Officials table vote on state strategic plan
State planning officials tabled a vote today on a new statewide blueprint for economic development and environmental preservation, citing the need to seek more public comment and incorporate goals that could help battered coastal areas rebuild after Hurricane Sandy.
The vote by the State Planning Commission was to follow months of public comment on the plan, which has been praised by business leaders for its goals of promoting New Jersey's top industries and infrastructure-rich economic hubs. The framework has also been blasted by environmental advocates, who cheered news of the delay.
Besides targeting growth sectors and regions, the so-called state strategic plan calls for more effective regional planning, preservation of state resources and tactical alignment of state agencies to carry out the goals. When unveiling the draft document more than a year ago, Gov. Chris Christie said the state sought to refine prior statewide planning efforts that he called "stratified, haphazard and unrealistic."
At today's meeting, the planning commission delayed its vote at the request of the state Office of Planning Advocacy, according to a statement from Gerry Scharfenberger, the agency's director. He told commissioners his office is still awaiting specific recommendations from some organizations, and that the storm disrupted efforts to finalize the document after its release on Friday.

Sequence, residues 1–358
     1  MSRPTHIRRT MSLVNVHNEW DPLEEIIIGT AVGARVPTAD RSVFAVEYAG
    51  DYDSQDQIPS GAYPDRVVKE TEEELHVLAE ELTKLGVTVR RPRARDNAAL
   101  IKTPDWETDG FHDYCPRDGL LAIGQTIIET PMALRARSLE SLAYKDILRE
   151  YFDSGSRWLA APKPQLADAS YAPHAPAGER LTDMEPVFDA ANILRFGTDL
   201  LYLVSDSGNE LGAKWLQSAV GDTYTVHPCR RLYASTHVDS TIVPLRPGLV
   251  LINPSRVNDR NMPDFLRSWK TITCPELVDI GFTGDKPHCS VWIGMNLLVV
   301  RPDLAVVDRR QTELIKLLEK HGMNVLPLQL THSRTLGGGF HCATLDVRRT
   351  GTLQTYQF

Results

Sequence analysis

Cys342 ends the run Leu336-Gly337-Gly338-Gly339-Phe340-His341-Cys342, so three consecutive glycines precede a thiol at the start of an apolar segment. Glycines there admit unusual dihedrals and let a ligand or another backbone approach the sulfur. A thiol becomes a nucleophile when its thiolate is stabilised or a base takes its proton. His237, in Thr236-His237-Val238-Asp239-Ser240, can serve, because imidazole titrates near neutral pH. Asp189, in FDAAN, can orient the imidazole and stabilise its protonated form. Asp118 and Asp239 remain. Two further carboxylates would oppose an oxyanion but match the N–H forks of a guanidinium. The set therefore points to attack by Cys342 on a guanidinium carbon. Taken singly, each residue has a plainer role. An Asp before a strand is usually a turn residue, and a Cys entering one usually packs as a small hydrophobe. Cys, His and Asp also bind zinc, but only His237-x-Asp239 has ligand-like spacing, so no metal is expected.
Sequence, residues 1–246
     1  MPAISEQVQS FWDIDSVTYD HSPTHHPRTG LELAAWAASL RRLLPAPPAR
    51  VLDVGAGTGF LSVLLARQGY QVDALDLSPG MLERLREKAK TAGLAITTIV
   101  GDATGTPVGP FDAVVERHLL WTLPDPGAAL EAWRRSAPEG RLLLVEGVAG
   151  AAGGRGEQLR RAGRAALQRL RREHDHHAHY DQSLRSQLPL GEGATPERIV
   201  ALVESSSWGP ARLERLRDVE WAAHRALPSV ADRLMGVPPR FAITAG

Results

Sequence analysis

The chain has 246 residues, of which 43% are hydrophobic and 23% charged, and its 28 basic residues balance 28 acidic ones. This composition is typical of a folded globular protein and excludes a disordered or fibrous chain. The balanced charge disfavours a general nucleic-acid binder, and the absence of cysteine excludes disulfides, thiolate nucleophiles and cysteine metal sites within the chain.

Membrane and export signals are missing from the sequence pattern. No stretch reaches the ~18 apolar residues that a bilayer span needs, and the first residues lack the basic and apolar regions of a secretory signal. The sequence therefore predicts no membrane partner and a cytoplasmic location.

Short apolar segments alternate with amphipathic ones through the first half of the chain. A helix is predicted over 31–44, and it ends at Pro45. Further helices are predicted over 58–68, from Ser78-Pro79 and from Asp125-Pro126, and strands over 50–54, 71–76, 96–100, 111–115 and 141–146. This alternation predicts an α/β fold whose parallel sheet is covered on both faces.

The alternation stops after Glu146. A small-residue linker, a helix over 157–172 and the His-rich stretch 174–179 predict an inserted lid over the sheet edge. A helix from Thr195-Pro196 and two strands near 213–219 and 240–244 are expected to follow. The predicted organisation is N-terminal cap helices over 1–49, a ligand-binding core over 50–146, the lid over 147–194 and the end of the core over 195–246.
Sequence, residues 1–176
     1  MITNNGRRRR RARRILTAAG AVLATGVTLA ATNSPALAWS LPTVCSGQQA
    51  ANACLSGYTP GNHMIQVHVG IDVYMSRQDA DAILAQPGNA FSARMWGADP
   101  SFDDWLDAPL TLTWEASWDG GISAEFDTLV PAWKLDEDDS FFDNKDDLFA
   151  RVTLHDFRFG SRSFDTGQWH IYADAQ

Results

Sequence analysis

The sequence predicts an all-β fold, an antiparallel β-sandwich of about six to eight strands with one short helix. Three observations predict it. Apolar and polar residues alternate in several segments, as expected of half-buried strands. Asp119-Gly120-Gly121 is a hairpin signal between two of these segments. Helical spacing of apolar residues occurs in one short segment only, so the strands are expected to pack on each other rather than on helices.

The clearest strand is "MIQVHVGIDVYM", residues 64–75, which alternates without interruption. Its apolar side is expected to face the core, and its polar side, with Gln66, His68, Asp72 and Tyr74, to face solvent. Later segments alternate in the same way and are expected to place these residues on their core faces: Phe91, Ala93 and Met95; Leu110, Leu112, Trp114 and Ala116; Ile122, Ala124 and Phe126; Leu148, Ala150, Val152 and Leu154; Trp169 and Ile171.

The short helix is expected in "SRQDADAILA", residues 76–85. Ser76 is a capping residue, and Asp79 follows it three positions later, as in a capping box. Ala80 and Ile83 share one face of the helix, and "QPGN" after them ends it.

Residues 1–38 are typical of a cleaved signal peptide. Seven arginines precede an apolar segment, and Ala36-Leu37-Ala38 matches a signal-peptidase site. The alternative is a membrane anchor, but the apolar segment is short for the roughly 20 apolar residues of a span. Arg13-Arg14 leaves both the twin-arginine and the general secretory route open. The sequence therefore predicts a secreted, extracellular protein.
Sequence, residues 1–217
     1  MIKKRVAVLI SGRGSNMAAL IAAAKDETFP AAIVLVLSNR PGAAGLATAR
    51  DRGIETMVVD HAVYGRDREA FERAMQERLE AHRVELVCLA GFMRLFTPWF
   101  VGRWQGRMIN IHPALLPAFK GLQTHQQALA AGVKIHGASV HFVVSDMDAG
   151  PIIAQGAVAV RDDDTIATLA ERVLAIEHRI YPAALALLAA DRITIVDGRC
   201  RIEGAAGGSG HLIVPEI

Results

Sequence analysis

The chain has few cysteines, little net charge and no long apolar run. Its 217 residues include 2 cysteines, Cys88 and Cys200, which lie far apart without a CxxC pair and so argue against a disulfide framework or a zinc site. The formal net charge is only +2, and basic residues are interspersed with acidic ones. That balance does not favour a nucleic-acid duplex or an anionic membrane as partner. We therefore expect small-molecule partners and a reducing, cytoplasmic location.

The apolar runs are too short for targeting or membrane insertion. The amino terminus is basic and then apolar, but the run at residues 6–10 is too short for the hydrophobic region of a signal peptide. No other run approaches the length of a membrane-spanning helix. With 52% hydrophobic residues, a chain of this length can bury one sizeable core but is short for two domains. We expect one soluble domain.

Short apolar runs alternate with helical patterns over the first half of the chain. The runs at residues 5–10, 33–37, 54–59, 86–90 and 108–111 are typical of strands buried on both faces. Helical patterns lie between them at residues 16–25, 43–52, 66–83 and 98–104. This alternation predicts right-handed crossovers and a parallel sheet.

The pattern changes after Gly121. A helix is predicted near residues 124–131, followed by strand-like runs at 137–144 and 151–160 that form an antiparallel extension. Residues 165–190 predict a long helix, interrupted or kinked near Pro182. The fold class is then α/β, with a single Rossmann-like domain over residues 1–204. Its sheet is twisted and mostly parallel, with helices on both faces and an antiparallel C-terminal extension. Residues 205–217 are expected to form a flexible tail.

Another reason for delaying the vote is that the goals of the plan "if adopted as proposed, could be a framework for the coastal region to recover and rebuild" the shore communities that were ravaged by Hurricane Sandy, Scharfenberger said.
"All the answers won't be in the final document but the framework for the next steps would be in place," he said in the written statement. "OPA will be reviewing the objectives and strategies of all four goals and may recommend specific further additions or amendments with long term coastal recovery in mind."
The New Jersey Sierra Club, meanwhile, called delay "important" after having criticized the plan and leading opposition efforts during the public comment period. In a prepared statement, the group noted concerns about "(promoting) development in areas that have been devastated" by the storm, but also ticked off a list of other environmental concerns that it has held during the past several months.
"The Office of Planning Advocacy and the State Planning Commission need to reject this plan and go back to the drawing board," Sierra Club Director Jeff Tittel said. "The plan needs to be rewritten, as in its current form, the plan goes against good planning."
Smart-growth groups like New Jersey Future and PlanSmart NJ have largely supported the plan and backed the commission's decision today. But PlanSmart NJ also said time was of the essence, encouraging the state "move quickly to incorporate necessary changes, and then put the state plan forward for final adoption."